1nto the temple of Venus, who was now holding a solemn assembly, or court, for the redress of lovers. Here he meets with SAPIENCE, who draws up a supplication for him, which he presents to Venus. Venus, after having exhorted him to be constant, writes a letter to-Pucell, which she sends by Cupid. After offering a turtle, he departs with Godfrey Gobilive, who is overtaken by a lady on a palfrey, with a knotted whip in her hand, which she frequently exercises on Godfreyfi Amoure asks her name, which, she answers, is CORRECTION; that she lived in the Tower of CHASTITY, and that he who assumed the name of Godfrey Gobilive was FALSE REPORT, who had just escaped from her prison, and disguised himself in a fool's coat. She invites Amoure to her Tower, where they are admitted by Dame MEASURE; and led into a hall with a golden roof, in the midst of which was a carbuncle of a prodigious size, which illuminated the room ". They are next introduced to
Then follows a long and ridiculous story
There is an old book, printed in 1510,
entitled, " Vinciuus. This boke treat-
" gift as Andt-wary by me Job' Dog/1
- This fictitious personage, however, seems
to be formed on 'the genuine Virgil, because, from the subject of his eighth Eelogue, he was supposed to be an adept in the mysteries of magic and incantation.
8 ln another place he is called FOLLY, and said to ride on a mare. When chivalry was at its heighth in France, it was a disgrace to any person, not below the degree of a gentleman, lo rit/r a man.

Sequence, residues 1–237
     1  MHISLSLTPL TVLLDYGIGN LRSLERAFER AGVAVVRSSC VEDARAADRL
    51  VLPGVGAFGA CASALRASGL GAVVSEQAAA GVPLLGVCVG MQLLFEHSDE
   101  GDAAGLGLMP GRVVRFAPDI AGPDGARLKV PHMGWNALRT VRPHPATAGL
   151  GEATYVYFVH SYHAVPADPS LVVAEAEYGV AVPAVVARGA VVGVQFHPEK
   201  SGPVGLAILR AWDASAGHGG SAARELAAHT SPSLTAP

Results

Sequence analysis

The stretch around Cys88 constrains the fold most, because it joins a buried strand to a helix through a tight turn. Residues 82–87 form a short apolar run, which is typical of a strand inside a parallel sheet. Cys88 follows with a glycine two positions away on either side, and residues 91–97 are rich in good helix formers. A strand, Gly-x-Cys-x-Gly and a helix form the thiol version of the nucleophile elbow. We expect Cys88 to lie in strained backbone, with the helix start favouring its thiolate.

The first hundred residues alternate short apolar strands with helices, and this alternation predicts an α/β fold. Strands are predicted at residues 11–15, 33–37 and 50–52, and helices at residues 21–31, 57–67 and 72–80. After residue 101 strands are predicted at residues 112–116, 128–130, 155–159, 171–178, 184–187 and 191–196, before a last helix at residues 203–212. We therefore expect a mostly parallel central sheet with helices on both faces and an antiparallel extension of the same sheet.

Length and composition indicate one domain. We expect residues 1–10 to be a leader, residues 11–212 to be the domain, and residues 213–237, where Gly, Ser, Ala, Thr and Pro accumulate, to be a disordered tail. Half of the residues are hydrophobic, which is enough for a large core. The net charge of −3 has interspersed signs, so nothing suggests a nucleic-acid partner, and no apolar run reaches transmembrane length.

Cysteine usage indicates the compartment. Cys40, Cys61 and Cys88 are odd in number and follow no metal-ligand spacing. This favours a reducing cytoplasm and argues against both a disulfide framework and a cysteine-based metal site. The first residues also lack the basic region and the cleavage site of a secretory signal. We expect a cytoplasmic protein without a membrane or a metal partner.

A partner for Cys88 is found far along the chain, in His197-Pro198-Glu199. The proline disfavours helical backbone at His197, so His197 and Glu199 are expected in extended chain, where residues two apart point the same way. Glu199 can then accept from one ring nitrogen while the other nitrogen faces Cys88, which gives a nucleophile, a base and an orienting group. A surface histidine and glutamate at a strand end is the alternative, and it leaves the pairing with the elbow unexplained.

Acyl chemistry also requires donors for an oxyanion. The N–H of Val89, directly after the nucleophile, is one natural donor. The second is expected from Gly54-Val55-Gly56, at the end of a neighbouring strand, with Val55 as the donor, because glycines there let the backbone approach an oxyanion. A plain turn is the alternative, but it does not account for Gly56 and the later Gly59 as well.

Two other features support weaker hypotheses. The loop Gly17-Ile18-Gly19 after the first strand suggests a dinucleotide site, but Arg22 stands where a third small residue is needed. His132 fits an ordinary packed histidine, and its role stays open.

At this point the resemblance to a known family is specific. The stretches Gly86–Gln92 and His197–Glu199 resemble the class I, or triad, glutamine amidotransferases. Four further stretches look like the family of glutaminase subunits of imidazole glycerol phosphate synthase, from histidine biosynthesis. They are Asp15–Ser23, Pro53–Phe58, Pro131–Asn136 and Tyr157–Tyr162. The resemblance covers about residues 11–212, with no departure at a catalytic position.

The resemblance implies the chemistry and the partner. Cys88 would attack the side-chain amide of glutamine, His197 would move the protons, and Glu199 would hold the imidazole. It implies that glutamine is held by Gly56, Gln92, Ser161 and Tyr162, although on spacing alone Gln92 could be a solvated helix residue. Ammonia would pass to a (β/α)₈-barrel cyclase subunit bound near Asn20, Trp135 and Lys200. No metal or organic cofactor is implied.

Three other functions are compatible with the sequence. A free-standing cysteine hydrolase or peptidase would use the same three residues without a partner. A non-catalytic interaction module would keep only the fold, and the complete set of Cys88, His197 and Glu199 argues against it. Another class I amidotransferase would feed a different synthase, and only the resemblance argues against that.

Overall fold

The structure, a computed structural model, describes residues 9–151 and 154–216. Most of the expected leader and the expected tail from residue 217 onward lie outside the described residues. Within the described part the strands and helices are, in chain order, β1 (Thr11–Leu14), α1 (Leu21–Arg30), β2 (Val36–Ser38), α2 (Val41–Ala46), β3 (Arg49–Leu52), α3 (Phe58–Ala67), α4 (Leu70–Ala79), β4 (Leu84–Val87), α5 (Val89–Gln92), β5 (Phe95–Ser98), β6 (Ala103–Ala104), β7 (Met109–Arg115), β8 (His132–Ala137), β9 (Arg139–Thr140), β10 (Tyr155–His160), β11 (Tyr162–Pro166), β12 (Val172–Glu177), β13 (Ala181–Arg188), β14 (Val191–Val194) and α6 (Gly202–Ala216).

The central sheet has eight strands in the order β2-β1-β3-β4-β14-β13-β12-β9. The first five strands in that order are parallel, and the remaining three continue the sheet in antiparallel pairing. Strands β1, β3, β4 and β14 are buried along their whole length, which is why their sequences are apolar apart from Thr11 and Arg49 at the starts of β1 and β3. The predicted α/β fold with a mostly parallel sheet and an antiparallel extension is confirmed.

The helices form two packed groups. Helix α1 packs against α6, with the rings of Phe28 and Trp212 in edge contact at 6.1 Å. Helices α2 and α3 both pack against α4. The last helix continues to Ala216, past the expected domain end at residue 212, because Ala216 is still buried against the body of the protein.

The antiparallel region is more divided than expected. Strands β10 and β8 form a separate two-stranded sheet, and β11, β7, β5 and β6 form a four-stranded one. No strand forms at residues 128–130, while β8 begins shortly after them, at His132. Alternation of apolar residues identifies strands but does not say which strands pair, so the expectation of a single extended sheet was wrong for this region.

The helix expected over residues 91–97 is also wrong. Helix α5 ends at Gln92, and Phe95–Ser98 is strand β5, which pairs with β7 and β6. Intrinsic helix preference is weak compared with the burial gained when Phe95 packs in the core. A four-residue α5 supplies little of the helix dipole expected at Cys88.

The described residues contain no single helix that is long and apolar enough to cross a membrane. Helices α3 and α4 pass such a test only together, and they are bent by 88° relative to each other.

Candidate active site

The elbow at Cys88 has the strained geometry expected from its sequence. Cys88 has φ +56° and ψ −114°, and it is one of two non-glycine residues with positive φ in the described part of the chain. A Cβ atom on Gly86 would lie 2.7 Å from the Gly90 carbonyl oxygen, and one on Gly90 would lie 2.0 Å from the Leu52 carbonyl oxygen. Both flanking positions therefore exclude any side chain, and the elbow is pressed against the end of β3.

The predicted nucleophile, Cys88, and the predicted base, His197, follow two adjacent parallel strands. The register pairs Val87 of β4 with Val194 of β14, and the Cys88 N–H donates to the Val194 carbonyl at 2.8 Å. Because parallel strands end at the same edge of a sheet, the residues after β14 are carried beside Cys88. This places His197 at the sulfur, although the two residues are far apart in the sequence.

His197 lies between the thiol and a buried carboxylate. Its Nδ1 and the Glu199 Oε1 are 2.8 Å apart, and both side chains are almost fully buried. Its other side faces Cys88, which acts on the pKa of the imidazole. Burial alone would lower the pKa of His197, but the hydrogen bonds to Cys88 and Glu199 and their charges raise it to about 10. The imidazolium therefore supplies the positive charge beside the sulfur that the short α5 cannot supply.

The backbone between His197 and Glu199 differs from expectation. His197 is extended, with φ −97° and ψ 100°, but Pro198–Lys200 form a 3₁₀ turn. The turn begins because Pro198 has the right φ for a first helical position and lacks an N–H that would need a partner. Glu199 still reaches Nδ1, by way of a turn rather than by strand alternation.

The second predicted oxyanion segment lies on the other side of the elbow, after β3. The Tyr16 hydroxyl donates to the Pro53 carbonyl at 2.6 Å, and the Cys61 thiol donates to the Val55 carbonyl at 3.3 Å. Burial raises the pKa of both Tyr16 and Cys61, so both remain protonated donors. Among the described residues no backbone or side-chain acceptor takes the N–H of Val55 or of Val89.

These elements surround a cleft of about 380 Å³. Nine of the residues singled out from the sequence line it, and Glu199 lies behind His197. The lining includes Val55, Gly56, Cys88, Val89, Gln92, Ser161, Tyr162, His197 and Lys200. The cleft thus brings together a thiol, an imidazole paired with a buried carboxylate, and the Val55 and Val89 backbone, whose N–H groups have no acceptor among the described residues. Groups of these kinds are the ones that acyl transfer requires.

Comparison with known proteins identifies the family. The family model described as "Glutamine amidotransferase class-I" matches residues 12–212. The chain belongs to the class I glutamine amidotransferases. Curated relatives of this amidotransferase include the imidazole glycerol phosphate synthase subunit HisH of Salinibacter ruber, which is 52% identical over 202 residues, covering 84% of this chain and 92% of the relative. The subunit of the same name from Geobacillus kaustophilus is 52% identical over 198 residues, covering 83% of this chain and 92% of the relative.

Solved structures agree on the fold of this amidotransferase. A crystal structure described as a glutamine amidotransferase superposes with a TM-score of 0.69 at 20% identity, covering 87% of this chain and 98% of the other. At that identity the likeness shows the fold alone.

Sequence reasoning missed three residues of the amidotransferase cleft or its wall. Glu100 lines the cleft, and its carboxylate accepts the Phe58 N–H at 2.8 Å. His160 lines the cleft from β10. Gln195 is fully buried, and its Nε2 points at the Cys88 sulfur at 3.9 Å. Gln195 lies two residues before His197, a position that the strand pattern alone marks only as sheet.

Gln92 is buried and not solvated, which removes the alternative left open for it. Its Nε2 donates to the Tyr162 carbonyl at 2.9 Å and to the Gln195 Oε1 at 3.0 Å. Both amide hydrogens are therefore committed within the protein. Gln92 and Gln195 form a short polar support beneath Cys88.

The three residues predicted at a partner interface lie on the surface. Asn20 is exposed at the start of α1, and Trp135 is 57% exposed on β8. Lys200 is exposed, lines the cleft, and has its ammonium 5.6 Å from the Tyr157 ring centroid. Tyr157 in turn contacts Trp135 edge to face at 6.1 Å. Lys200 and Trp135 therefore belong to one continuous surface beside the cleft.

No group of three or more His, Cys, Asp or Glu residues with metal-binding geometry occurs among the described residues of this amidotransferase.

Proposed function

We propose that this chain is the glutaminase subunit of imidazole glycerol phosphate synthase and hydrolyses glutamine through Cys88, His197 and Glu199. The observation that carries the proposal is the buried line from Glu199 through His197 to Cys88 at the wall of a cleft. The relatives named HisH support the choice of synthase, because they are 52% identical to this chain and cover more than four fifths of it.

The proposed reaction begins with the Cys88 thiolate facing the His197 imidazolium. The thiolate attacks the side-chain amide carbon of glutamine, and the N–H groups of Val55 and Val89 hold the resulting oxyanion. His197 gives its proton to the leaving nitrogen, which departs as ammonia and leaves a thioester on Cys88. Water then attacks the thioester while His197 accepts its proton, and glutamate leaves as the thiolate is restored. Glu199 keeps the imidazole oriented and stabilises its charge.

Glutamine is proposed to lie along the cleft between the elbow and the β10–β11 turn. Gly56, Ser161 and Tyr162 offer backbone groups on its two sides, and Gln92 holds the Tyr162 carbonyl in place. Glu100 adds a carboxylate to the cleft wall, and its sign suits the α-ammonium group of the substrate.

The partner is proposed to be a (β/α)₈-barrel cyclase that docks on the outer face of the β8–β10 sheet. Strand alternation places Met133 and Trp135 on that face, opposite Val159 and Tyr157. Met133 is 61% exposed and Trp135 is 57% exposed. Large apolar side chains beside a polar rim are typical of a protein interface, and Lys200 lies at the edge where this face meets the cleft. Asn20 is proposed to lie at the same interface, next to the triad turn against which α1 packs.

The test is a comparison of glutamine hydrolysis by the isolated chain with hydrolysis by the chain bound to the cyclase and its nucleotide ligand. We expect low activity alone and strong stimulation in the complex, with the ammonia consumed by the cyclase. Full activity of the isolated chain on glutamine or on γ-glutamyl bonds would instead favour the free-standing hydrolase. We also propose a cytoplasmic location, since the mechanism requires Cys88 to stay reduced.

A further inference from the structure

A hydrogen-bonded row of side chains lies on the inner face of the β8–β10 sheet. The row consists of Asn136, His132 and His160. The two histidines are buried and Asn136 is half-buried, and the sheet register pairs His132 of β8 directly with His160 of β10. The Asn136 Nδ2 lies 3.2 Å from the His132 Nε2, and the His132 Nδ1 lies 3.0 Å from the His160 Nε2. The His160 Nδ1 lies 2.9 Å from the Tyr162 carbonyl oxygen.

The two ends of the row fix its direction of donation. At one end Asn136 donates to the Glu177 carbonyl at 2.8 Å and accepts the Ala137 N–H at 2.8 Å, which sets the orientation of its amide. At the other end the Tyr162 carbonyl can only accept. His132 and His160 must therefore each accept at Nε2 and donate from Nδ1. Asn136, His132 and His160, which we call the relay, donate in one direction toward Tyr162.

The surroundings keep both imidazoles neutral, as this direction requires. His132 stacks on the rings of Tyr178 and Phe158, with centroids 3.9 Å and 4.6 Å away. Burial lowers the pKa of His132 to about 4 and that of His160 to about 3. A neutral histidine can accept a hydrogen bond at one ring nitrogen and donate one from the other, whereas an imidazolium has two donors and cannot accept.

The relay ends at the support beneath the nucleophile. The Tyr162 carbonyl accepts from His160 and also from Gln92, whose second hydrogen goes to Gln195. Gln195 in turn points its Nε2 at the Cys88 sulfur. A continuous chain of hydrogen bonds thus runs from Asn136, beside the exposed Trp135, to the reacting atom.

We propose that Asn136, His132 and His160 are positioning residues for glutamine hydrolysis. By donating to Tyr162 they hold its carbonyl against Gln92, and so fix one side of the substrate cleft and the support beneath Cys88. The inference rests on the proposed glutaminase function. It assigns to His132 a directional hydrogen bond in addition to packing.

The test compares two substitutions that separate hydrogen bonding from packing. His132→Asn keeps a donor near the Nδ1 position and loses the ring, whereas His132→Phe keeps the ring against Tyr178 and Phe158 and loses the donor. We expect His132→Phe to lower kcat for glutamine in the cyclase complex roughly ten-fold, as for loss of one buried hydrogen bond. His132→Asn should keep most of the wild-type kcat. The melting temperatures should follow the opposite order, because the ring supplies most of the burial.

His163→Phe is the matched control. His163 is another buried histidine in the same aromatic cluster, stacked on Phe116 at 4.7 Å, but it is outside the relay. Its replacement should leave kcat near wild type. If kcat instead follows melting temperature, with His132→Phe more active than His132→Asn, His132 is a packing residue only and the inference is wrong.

h From Chaucer, ROM. ROSF, v. llzo. Urr. p. 223. a. RlCHESSF. is crowned with the costliest gems,
But all before full subtilty
A fine 'carboncle sel sawe I,
The stone so cleare was and bright,
That al so sone as it was night,
Men mightin sene to go for nede
A mile or two in length and brede.
Such light ysprange out osthat stong.
a fair chamber; where they are welcomed by many famous women of antiquity, Helen, quem' Proserpine, the lady Medast, Penthesilea, &e. The next morning, CO-RRECTION shews our hero a marvellous dungeon, of which SHAMFASTNESSE is the keeper; and here FALSE REPORT is severely puni-shed. He now continues his expedition, and 'near a fountain observes a shield and a horn hanging. On the shield was a lion rampant of gold in a silver field, with an inscription, importing, that this was the way to La Bell Pucell's habitation, and that whoever blows the horn will be assaulted bya most formidable giant. He sounds the horn; when instantly the giant appeared, twelve feet high, armed in brass, with three heads, on each of which was a streamer, with the inscriptions Falsseboad, Imagination, Perjury. After an obstinate combat, he cuts off the giant's three heads with his sword Claraprudence. He next meets three fair ladies, VANITY, GOOD-OPERATION, FID-ELITY. They conduct him to their castle with music ; Where, being admitted by the portress OBSERVANCE, he is healed of his wounds by them. He proceeds and meets PERSEVERANCE, who aequaints him, that Pucell continued still to love: that, after she had read Venus's letter, STRANGENESS and DISDAIN came to her, to dissuade her from loving him; but that soon after, PEACE and MERCY ' arrived, who soon undid all that DlSDAIN and STRANGENESS had said, advifing her to send PERSEVERANCE